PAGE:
Option 6 was at least ranked SOMEWHERE on just over half the ballots.

    Since very few voters compared these “top” options with rankings on their ballots, it would be misleading to declare a “winner.”

    I would suggest that we either leave it to Yoram to select one of these, or we consider this a “primary” round and have a runoff limited to these four choices. If Yoram agrees to a new vote, all voters must rank at least three of them in order of preference. You can have a preference order even among candidates you think are all bad…. you simply rank the least bad first, etc.

    Like

  50. 6 and 26 meet the needs of Conall et al, whereas 15 and 25 refer specifically to a system of government. So I would suggest we go for a subtitle that doesn’t exclude the founders of this blog (i.e. 6 or 26).

    Like

  51. Terry,

    Thanks for your work and advice.

    I could probably manipulate the matrices you created using the R software, if that would be useful.

    In any case, let’s go with your recommendation. Selecting from your short list, I would go with “The democratic potential of sortition”, but I am also fine with having a second round. So up to you.

    Like

  52. Fine with me to go with option 6, “the democratic potential of sortition.” I can’t claim it is the “democratic choice” of the Blog readers, but it was never clear to me that that was even worth pursuing.

    Like

  53. Ideal. Short, sweet, simple and inclusive.

    Like

  54. Like most of the new slogans: wooden, technical, boring. The old one at least spoke to people. But since the slogan does not matter much: whatever.

    With due respect, I am truly astonished – actually horrified – how many of this illustrious circle – all? – seem to believe that this is how to harness collective intelligence for a collective decision.

    Liked by 1 person

  55. The other advantage is it also open-ended enough to include a sceptical viewpoint (soritition might have limited democratic potential).

    Yoram:> I can’t claim it is the “democratic choice” of the Blog readers, but it was never clear to me that that was even worth pursuing.

    That’s a strange (and rather worrying!) perspective for a blog committed to democratic equality. It might even be interpreted as somewhat elitist.

    Like

  56. Here’s my ordering, most to least favoured:

    26
    15
    6
    25

    Or we could go with a wild card: ‘The Sortition Blog’.

    Like

  57. Here’s my ordering, first named is most favorite:

    15
    6
    25
    26

    Like

  58. Ronald,

    If we ended up with 15 then Conall Boyle would be excluded from posting to the blog that he founded. That’s why I favour the more inclusive titles (even though my own work is exclusively devoted to better politics through sortition).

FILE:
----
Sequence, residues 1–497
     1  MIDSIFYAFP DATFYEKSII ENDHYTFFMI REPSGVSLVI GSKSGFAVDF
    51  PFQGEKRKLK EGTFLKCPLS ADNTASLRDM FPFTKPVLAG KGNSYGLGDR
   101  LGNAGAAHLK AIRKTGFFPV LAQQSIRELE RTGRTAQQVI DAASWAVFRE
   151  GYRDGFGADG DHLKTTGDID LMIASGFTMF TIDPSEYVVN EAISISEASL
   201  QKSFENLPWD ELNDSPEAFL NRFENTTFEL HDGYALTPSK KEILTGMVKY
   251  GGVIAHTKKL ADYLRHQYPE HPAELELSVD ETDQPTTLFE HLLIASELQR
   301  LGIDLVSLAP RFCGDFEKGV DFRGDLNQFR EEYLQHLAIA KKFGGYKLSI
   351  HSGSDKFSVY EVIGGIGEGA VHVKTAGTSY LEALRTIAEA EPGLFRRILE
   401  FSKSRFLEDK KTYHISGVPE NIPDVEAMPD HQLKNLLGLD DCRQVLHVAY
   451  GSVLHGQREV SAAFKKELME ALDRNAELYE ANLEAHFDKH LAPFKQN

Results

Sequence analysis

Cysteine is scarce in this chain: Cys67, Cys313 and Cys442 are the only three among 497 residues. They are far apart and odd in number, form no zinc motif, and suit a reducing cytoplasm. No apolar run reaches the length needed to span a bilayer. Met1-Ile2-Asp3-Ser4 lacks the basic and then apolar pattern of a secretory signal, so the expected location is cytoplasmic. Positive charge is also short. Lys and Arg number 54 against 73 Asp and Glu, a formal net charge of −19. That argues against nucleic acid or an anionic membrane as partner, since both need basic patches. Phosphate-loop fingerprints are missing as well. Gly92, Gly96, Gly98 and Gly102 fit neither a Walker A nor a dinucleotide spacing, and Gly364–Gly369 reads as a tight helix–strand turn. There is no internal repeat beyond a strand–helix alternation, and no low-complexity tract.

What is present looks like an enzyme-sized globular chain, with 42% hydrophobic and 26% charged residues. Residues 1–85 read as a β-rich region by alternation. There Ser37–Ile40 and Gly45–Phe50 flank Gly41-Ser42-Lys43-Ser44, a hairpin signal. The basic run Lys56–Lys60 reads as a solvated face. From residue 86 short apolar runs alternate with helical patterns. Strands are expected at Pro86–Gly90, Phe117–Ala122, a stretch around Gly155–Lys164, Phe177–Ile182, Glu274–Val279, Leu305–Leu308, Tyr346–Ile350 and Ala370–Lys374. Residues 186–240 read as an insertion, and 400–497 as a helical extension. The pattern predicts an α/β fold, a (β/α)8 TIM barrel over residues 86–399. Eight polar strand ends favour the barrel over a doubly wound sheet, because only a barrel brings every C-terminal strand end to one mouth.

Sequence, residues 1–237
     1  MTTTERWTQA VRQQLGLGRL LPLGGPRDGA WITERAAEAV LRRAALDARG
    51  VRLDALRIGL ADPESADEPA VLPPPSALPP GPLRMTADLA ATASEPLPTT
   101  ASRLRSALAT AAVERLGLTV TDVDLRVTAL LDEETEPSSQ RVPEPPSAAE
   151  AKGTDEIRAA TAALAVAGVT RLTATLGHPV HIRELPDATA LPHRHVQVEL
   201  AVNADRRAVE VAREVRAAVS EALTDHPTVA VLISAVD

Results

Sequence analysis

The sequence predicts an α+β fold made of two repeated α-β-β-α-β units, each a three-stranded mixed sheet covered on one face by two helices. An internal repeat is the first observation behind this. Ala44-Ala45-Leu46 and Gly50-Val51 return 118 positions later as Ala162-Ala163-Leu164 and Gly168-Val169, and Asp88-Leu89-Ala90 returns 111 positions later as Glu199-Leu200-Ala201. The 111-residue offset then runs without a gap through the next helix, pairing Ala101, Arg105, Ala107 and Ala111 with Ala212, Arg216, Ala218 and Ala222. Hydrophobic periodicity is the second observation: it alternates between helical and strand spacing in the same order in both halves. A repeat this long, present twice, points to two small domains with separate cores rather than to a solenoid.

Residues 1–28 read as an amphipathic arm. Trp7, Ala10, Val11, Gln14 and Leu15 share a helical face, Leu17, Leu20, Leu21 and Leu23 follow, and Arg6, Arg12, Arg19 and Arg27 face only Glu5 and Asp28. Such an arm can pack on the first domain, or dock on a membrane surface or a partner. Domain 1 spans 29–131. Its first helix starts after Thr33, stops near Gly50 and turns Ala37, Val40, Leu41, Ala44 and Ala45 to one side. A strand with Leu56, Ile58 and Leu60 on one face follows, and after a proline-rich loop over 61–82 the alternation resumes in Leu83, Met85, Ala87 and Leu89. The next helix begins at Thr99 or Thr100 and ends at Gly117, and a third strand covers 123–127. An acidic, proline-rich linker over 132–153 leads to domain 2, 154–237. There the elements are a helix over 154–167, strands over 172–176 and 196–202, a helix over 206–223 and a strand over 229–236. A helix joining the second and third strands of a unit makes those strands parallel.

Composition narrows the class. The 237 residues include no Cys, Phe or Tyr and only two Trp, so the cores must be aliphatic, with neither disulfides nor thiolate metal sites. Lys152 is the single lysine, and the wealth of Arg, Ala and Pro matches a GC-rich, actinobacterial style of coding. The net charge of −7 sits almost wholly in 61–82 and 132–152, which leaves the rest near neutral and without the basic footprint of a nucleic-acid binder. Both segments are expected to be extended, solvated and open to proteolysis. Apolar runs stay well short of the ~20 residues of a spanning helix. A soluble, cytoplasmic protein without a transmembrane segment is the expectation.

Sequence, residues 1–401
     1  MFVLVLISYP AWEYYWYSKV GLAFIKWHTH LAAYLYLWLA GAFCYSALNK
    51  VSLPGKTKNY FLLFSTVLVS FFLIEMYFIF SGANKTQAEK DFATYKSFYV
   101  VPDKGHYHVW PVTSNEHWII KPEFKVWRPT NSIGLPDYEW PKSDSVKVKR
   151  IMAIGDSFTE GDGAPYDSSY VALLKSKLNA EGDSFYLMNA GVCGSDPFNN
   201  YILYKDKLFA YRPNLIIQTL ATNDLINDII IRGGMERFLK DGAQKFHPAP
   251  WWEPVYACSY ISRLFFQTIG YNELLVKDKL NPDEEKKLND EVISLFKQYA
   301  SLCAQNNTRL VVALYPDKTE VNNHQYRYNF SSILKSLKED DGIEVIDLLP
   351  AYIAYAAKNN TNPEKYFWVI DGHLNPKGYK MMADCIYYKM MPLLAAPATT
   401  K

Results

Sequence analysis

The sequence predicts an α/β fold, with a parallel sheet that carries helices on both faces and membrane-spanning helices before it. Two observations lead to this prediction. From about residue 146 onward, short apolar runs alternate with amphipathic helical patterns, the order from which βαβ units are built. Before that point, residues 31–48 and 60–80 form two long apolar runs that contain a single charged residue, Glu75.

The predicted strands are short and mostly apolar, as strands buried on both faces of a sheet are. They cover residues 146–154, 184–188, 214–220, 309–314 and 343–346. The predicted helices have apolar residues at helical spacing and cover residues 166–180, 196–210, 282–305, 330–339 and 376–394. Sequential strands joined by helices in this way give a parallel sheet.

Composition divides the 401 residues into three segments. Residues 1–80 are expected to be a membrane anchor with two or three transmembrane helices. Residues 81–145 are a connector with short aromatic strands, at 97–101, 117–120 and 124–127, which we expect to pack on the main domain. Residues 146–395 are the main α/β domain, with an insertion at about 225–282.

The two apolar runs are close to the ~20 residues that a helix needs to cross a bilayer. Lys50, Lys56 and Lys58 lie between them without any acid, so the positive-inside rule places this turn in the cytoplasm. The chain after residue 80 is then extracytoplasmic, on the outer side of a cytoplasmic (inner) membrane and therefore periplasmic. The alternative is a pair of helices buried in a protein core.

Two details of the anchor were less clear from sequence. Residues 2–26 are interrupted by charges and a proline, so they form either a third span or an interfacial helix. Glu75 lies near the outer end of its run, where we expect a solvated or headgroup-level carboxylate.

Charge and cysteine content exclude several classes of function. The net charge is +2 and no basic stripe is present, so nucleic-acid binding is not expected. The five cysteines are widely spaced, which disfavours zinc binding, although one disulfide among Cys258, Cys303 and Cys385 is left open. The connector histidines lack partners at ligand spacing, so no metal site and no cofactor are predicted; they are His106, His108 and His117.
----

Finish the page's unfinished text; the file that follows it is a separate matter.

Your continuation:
Like

  59. Keith,

    Sorry I don’t understand the problem!? I think that Conall will follow a democratie decision. I am not a defender of privileges for founders.

    PS I believe that ‘stronger’ democracy is better than ‘better’ democracy

    Like

  60. Yes, but he will follow the decision by “voting with his feet”. You need to understand that there are a variety of approaches to sortition — some of us (like Yoram, you and me) are interested in the democratisation of our political system through descriptive representation; some (like Peter and Oliver) are interested in the Blind Break as as way of reducing factionalism and corruption in electoral politics; some (like Conall and Barbara) are interested in the lot as a way to equalise distribution of scarce resources and unpopular tasks. Whilst EbL will most probably continue to further the interests of the first group, adopting an “inclusive” subtitle will mean that the latter two groups can continue to upload posts and make comments, whereas subtitles 15 and 5 would mean that their interests were no longer included in the range and scope of this blog. Why would you want to do that?

    Liked by 1 person

  61. You’re right Keith, I dont’ want to do that. I change my preference and place 26 on the first position, it include indeed both, democracy and fairness. So both groups can be satified.

    Like

  62. Ronald de Vries>> PS I believe that ‘stronger’ democracy is better than ‘better’ democracy

    Let’s not say ‘stronger democracy’ for ‘simplistic voting’ please. It is in reality an extremely ‘weak method’. The last minute flurry of rule bending by some actors in this exercise at hand is case in point.

    Keith’s statement already raises one issue with botched method: naive majority voting may alienate minorities, in our example those with a special interest in EbL. A vicious circle: once the community loses its first minority when the disregarded “vote with their feet”, the next voting round may be won by another, even smaller majority within the remaining first majority.

    Where will this lead to? To this …
    https://freedomhouse.org/sites/default/files/styles/1080_wide/public/2020-02/FIW%202020%20-%20GRAPHIC02_14%20years%20of%20decline_final_digital.png?itok=5pN_cBAO

    … a sliding decline until a majority of accumulated minorities does not believe in ‘democracy’ any longer. And it’s not poor democracy’s fault, just shitty methodology. (Excuse my French.)

    Like

  63. That’s ideal Ronald

    Hubertus: All the more need for the Superminority Principle. And I think the identity of the “rule benders” demonstrates that it’s possible to act as an advocate for a position that undermines one’s own interests!

    Like

  64. […] This is to announce the results of the vote for a new subtitle for this blog. […]

    Like